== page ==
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Last Updated: Monday, 20 August 2007, 19:15 GMT 20:15 UK
Lawrence killer to remain in UK
Learco Chindamo
Learco Chindamo came to the UK when he was six
The man who knifed head teacher Philip Lawrence to death has been allowed to stay in the UK after winning an appeal against deportation.

Learco Chindamo, 26, is serving a life sentence for killing Mr Lawrence outside his London school in 1995.

Chindamo's lawyers argued that deporting him to Italy, where he was born, would breach his human rights.

The Home Office confirmed it would be appealing against the ruling made by the Asylum and Immigration Tribunal.

'Ludicrous decision'

A spokeswoman said: "We are disappointed with this decision and are making an application for the determination to be reconsidered".

Mr Lawrence's widow said she was "unutterably depressed" by the ruling and Alan Gordon, vice-chairman of the Police Federation of England and Wales (PFEW), said it was a "ludicrous decision" to allow Chindamo to stay.

Chindamo, who was jailed for life in 1996 with a minimum 12-year term, could be released early next year if the Parole Board decides it is safe to do so.

Philip Lawrence
Philip Lawrence was killed in 1995 as he helped a pupil

Chindamo was told the news at the weekend and was said to be "pleased" because his "family and life were in the UK".

In a statement he said he hoped the decision would not "cause grief" to Philip Lawrence's widow Frances or to the rest of his family and went on to express his deepest sympathy.

But Frances Lawrence has said she was "devastated " and "demoralised" by the ruling.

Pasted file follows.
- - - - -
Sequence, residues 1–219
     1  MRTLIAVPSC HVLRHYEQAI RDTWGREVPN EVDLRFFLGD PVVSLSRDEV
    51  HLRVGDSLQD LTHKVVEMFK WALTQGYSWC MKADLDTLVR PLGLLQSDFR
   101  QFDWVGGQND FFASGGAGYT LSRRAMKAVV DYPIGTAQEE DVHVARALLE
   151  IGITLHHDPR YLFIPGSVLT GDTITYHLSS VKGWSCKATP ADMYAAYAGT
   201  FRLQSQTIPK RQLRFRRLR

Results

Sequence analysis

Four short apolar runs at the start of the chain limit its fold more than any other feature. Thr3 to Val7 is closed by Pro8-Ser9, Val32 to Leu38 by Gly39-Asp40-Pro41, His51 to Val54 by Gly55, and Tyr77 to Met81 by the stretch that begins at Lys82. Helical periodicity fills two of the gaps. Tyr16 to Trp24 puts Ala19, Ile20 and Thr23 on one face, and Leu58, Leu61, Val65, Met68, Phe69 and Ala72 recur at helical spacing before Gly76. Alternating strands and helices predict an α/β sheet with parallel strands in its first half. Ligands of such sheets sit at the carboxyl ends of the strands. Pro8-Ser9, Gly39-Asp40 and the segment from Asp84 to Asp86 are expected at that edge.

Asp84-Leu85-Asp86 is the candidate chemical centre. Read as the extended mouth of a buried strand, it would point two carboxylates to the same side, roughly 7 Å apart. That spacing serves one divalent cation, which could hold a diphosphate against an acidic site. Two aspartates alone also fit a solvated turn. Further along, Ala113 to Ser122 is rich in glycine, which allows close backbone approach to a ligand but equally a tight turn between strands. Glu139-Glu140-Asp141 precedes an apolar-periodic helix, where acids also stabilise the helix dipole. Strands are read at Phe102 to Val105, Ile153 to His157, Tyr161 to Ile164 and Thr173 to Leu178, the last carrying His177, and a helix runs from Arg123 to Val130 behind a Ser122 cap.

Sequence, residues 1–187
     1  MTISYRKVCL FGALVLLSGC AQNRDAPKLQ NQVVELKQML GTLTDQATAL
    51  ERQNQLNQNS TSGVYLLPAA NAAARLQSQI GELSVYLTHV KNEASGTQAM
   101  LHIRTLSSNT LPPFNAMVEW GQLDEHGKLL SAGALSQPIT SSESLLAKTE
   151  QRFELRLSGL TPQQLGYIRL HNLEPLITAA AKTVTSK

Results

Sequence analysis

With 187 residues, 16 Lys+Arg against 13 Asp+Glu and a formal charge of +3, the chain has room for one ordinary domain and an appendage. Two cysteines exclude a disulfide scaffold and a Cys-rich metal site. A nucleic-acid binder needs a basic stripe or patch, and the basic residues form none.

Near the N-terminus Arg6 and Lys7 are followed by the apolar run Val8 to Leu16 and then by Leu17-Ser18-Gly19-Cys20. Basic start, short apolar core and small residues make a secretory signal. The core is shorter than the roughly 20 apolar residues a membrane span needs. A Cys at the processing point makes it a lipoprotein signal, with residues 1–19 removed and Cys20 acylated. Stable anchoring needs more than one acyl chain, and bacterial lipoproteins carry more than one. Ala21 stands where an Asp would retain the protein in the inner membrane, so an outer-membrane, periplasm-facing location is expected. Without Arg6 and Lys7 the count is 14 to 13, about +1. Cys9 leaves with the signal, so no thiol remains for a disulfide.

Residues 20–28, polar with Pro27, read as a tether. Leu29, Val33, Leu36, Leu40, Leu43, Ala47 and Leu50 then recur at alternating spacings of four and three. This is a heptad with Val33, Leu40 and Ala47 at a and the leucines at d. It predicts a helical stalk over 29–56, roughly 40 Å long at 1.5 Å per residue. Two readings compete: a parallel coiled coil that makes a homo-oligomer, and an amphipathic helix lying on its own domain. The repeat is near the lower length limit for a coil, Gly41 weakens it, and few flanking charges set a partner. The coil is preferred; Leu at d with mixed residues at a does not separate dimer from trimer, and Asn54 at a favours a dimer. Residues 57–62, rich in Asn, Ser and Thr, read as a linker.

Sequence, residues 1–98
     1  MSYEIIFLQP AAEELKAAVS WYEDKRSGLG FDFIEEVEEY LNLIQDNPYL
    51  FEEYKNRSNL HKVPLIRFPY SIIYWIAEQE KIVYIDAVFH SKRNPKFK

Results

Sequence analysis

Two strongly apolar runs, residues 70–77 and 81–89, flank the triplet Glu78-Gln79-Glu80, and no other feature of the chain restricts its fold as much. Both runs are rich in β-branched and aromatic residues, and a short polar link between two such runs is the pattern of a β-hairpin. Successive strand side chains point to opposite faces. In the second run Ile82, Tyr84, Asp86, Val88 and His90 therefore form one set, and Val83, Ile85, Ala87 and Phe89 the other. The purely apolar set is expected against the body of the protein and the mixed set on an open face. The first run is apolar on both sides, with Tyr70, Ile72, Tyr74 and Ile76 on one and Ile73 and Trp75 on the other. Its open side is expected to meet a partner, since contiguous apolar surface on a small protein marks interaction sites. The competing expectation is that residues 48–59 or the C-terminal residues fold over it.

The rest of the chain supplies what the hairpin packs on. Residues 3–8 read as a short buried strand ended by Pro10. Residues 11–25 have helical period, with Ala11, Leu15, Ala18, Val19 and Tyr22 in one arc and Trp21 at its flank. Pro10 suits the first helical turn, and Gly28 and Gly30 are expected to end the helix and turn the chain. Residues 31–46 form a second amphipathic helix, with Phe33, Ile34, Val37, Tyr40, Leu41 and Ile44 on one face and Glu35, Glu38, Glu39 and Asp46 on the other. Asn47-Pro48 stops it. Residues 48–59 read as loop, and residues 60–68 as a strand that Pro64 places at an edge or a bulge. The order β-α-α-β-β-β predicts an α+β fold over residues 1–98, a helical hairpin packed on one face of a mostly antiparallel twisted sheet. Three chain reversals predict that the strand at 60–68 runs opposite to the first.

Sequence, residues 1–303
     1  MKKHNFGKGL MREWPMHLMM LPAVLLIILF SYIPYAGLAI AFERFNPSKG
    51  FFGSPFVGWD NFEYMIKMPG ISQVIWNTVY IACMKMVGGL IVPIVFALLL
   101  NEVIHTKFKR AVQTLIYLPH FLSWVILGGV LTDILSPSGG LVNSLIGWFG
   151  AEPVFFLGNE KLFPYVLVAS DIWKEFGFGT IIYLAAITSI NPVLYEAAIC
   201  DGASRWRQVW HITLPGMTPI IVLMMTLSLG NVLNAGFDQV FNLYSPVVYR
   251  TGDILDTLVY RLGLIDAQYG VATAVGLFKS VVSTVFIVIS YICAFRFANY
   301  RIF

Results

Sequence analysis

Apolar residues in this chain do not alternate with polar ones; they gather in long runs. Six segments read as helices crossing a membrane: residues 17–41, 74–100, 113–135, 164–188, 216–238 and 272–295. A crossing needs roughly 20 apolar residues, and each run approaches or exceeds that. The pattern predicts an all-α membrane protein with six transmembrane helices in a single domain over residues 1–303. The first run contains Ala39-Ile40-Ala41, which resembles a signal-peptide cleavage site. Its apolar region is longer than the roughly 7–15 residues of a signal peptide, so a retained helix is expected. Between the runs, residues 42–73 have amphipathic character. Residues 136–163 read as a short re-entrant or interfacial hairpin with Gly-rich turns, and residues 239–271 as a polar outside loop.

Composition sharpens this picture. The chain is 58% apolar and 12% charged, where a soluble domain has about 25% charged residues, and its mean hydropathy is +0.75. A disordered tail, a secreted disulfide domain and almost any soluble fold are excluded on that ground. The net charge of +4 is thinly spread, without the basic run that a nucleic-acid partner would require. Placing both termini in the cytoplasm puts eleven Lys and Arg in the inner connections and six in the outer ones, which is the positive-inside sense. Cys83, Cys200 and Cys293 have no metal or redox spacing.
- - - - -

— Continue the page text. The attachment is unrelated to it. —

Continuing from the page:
Chindamo came to the UK when he was six. His father is Italian, his mother is from the Philippines and he has an Italian passport.

He was 15 years old when he stabbed Mr Lawrence as the teacher defended a pupil outside St George's Roman Catholic comprehensive school.

'Reformed' character

Chindamo's lawyers said the Home Office wanted him returned to Italy when he was freed from prison.

But they successfully argued the move would have been illegal as Chindamo was from a European Union country and had already lived in the UK for 10 years by 1995.

Chindamo's lawyer Nigel Leskin said his client was now a reformed character who was unlikely to offend again.

"He was involved in a gang when he was young. He was a kid trying to act up big. He was out of control and he thought he knew everything. He now realises how wrong he was."

Mr Leskin added: "He strikes me as a very reformed, very nice, very thoughtful person."

A spokeswoman for the Home Office said: "We believe that foreign prisoners who have committed serious crimes should face automatic deportation from the UK at the end of their sentence."

Frances Lawrence
I feel as if I can't fight any more - I feel I can't survive this
Frances Lawrence

It was the second time the government had tried to remove Chindamo - an attempt in 2001 was blocked because it began too soon after he had been sentenced.

Mr Gordon of the PFEW said: "The fact that he may be paroled and back on our the streets as early as next year is in itself disgusting. Life should mean life.

"What about the human rights of Philip Lawrence, robbed of his life by a thoughtless knife attack or the human rights of Mr Lawrence's wife and children, deprived of a loving husband and father."

Mrs Lawrence said: "I am unutterably depressed that the Human Rights Act has failed to encompass the rights of my family."

A year after her husband's death Mrs Lawrence set up the Philip Lawrence Awards to honour young people's efforts in tackling social issues.

She added: "I am deeply concerned for everything I have worked for, including the setting up of the Philip Lawrence Awards.

"I feel as if I can't fight any more - I feel I can't survive this."

Shadow immigration minister, Damian Green, told News 24 that there was something wrong with human rights legislation if a convicted murderer could not be deported to a friendly democratic fellow EU state.

"The notion of human rights fall into disrepute if it's seen that the rights of a convicted murderer somehow are put above the rights of a grieving family whose father has been murdered."

Shadow Home Secretary David Davis added: "It is a stark demonstration of the clumsy incompetence of this Government's human rights legislation that we are unable to send a proven killer back to his own country, especially when that country is in the EU."

Reaction from Philip Lawrence's widow


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